Venous blood samples were collected into 8-mL serum vacutainers (Becton Dickinson and Co, Franklin Lakes, NJ) with the participants seated in an upright position. Each serum vacutainer was left to clot for 30 min at room temperature before centrifugation at 1500g for 10 min at 4°C and separation into two 1.5-mL aliquots to be stored at −80°C before the analysis of glucose concentration (Cobas Modular P800 Analyser; Roche Diagnostics, Auckland, New Zealand). Capillary blood d-βHB (Freestyle Optium Neo; Abbott Diabetes Care, Victoria, Australia) and lactate (Lactate 2 Pro; Akray, Kyoto, Japan) concentration was measured from a fingertip blood sample using standardized techniques.
Calculation of Whole Body Rates of Substrate Oxidation and Energy Expenditure
Whole body rates of CHO oxidation, fat oxidation, and EE were calculated from steady-state V˙O2 and V˙CO2 using nonprotein RER values (25). During the KD trials, no corrections to the equations were implemented, as the oxidation of fat-derived KB does not alter the stoichiometry (25). To ascertain maximal aerobic EE (EEaero-max), V˙O2max was multiplied by 21.745 J⋅mL−1 O2, assuming that glucose was the only substrate oxidized (26). Fat oxidation rates obtained during the metabolic test were depicted graphically as a function of exercise intensity (% V˙O2max), and a third-order polynomial curve with intersection in (0,0) was constructed to determine MFO and Fatmax. A third-order polynomial curve with intersection was chosen based on the best-curve fit and with the assumption that if V˙O2 was zero, no fat oxidation would be observed.
To compare exercise efficiency between the pre- and post-KD conditions, calculations were adapted from previously published sources (25) to predict V˙O2 based on shifts in RER with unchanged efficiency (see the equation hereinafter). The derivation of this equation can be referred to in the Supplemental Content (Supplemental Digital Content 2, Derivation of the equation to calculate predicted oxygen uptake, http://links.lww.com/MSS/B597). Discrepancies between predicted and measured V˙O2 were used to quantify unaccounted oxygen uptake (i.e., oxygen uptake that cannot be explained by shifts in RER alone).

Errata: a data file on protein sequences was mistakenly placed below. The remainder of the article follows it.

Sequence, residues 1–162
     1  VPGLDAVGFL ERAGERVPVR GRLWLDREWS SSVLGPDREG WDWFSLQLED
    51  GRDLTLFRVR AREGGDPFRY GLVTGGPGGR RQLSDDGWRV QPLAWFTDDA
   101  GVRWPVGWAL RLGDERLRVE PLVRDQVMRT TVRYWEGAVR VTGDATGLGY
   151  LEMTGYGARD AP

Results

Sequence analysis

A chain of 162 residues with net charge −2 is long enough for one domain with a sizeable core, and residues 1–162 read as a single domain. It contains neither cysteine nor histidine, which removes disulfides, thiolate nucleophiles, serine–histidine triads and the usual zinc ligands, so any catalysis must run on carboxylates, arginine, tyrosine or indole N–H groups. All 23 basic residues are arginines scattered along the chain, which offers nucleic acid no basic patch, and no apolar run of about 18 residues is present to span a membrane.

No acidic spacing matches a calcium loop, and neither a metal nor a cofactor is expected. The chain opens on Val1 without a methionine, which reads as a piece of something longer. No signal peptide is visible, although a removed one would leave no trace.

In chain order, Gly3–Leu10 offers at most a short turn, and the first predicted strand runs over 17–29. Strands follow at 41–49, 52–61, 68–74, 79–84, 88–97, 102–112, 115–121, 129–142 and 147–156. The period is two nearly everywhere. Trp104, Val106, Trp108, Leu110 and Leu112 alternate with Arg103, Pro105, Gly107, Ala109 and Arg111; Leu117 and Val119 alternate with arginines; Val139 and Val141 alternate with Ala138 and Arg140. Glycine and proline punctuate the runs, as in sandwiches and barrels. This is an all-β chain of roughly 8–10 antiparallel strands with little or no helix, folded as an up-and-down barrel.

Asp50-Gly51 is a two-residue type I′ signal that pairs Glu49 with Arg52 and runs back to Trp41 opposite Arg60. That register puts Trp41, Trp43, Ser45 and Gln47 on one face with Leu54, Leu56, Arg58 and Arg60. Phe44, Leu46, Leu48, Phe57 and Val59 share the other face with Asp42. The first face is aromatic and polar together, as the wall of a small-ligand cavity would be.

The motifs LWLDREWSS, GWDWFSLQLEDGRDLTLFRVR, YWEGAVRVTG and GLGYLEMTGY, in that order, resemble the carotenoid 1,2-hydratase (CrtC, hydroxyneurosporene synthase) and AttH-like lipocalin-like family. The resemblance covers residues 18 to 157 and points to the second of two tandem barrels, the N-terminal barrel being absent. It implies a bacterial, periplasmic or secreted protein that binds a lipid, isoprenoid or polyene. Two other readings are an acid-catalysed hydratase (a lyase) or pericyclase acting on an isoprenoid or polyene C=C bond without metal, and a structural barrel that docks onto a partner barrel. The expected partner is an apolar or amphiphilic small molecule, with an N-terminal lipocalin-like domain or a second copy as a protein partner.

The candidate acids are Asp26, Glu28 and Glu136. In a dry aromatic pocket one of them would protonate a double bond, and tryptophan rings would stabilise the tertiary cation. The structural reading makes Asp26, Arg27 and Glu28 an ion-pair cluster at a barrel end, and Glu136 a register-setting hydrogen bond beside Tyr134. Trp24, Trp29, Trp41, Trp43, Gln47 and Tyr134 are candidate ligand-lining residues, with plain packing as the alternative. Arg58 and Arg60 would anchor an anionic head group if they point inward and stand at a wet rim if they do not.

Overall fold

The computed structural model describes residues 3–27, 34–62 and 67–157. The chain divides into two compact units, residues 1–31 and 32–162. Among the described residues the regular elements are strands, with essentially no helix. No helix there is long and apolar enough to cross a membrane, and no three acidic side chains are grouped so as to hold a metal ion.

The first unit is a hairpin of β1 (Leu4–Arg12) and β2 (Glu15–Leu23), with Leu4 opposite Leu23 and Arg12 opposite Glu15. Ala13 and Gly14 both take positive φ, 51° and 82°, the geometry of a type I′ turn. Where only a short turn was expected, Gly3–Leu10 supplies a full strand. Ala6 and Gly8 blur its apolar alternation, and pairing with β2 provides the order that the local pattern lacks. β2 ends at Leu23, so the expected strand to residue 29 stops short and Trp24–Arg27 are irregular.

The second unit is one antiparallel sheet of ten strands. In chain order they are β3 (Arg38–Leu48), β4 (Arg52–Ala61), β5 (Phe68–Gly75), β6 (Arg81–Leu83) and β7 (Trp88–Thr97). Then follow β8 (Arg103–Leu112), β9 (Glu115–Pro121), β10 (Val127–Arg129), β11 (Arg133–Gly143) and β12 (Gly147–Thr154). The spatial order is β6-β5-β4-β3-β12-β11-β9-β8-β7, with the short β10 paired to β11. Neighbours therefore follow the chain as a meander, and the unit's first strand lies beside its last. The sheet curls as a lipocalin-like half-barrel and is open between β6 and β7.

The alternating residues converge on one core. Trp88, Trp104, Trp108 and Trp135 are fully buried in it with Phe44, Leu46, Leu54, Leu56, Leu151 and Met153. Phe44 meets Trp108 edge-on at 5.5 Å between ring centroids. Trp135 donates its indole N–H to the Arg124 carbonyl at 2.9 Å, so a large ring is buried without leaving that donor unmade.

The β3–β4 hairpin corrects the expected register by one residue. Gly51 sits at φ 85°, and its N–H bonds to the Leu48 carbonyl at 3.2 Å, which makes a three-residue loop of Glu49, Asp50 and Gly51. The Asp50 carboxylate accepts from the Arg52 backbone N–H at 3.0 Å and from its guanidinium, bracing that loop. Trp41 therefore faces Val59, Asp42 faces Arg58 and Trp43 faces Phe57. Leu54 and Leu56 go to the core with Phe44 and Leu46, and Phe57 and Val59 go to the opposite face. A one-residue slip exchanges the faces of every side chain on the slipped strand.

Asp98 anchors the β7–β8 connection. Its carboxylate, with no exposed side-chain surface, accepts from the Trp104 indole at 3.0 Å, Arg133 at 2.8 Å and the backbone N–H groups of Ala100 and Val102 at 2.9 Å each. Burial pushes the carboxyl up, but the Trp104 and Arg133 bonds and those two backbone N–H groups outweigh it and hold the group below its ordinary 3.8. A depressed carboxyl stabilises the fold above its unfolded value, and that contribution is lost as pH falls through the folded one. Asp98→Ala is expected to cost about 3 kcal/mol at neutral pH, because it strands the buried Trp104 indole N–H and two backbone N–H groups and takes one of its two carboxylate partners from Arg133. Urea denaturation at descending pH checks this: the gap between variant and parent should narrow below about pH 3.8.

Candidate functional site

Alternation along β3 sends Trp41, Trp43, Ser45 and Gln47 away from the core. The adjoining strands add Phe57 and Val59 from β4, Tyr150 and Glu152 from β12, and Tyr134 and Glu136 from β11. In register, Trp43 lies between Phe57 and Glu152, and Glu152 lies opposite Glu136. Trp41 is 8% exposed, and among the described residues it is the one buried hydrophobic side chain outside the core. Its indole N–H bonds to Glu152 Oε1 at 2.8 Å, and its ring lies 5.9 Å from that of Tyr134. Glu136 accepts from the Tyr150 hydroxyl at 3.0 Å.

Predicted VO2 = ([0:55 × Pre-KD VCO2] + [4.471 × Pre-KD VO2]) / ([0.55 × Post-KD RER] + 4.471) Energy conversion: 1 kcal = 4.18 kJ
All data are expressed as mean (±SD) unless otherwise stated. The mean differences (Δ; ±90% confidence limits (CL)) between interventions and preintervention to postintervention are also expressed. Data were checked for normal distribution using the Shapiro–Wilk tests, and where appropriate, statistical analysis was performed on the logarithmic transformation of the data. For cardiorespiratory data, values were averaged for each hour and only used in analysis if n = 100% for all preintervention and postintervention trials. For urinary AcAc concentrations, weekly values were averaged for each participant. A three-way (diet–adaptation–intensity/time for cardiorespiratory and metabolic variables) or two-way (diet–adaptation for exercise capacity and body composition variables or adaptation–intensity/time for predicted vs measured oxygen uptake) repeated-measures ANOVA was performed, and if Mauchly’s test of sphericity was violated, adjustments to the degrees of freedom were made for the ANOVA using Greenhouse–Geisser ε (IBM SPSS Statistics software, version 21; IBM Corp). Where a significant effect was observed, post hoc analysis was conducted using Holm–Bonferroni adjustments for multiple comparisons. Within-group changes from preintervention to postintervention were examined using adjusted Student’s paired t-tests for dependent variables. Significance level was accepted at an α of P < 0.05. To interpret the magnitude of effect and to identify trends within nonsignificant data, Cohen d effect sizes (±90% CL) were estimated using a purpose-built spreadsheet (27), with ES thresholds set at <0.2, >0.2, >0.6, >1.2, >2.0, and >4.0 for trivial, small, moderate, large, very large, and extremely large effects, respectively. If the 90% CL overlapped 0, the magnitude of effect was deemed unclear.